Sunday, Mother’s Day, was a strange day for me. My first Mother’s Day as a separated-soon-to-be divorced mom.
I didn’t realize how much this first Mother’s Day alone with my children would affect me. I mean, it is about being a mom, so you and your kids should suffice, right? But it just felt strange and empty and big.
There is also the fact that Mother’s Day, like most holidays, has certain traditional expectations, and I could see pretty early on that this particular Mother’s Day was not going to conform to the modern Mother’s Day ideal.
There would be no restaurant brunch, or picturesque picnic or breakfast in bed. My kids are still too young to pull this off. (And you’re right if you’re thinking that I could have planned this for myself -- I could have, but I didn’t. I didn’t know I’d feel this way -- and honestly I’ve not been very good at planning anything in advance the last couple of months).
So it was going to be different. Big deal. And anyway, I was greeted at the door with a bouquet of flowers, which everybody knows is very traditional.
Dyed blue daisies and pink carnations -- an arrangement so obviously my children’s taste it made me grin.
I decided this Mother’s Day morning was going to be spent at Costco. I figured it would be empty because all the other moms would be eating brunch or picnicking or sleeping in.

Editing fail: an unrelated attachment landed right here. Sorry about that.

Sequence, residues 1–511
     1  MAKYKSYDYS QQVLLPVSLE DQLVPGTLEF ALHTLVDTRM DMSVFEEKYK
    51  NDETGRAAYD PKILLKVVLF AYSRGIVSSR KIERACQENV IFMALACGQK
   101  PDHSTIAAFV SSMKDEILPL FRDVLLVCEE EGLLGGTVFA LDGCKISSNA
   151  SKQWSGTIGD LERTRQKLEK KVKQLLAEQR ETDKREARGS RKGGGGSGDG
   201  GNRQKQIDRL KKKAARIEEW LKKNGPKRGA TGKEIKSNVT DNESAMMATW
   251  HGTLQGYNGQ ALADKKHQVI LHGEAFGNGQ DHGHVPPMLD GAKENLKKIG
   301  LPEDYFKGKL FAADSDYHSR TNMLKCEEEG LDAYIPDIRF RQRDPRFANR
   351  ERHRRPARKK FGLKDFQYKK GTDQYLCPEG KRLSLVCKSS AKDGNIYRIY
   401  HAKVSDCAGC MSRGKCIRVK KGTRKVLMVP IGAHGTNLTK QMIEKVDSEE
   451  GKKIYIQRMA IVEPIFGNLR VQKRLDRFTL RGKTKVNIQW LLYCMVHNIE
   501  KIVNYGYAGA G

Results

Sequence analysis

We go. We shop. We even eat the greasy pizza slices and hot dogs (okay, AND churros) and wash them all down with the berry smoothies (which definitely do not contain any real fruit).
It’s Mother’s Day, I didn’t have to make lunch, I’m with my gorgeous girls, and we’re full and happy. Feeling grateful I thank them again for my flowers.
My oldest says “You’re Welcome, Mom” and then adds that Denise helped them pick the flowers out.
“Denise?” I ask, completely surprised.
“Yeah, Denise. She went to the play at Jr. Theater with us yesterday and then we stopped on the way home to get you flowers.”
[Denise, for those of you who don’t know, is “the other woman,” the woman my husband left me for. The woman he has been seeing sporadically ever since.]
Denise helped with the flower selection? Now I wonder if she suggested the pink carnations (the ugliest flowers ever grown) and the blue daisies that have since turned the water in the vase a shade the Ty-D-Bowl man would be proud of. Is she getting some perverse satisfaction from the fact that I received a rather hideous Mother’s Day bouquet?
Surprisingly, I laugh out loud. How absurd life is. How entertaining. How ironic.
And maybe, just maybe, Denise only wanted to help my girls pick out something they’d feel proud to give their mom. Maybe it had nothing at all to do with me. Or maybe it did, maybe she wanted to make sure that I’d get something traditional this first Mother’s Day alone.
Either way, Happy Belated Mother’s Day to you, Denise. (But please, oh please, steer them toward the Gerber daisies next year!)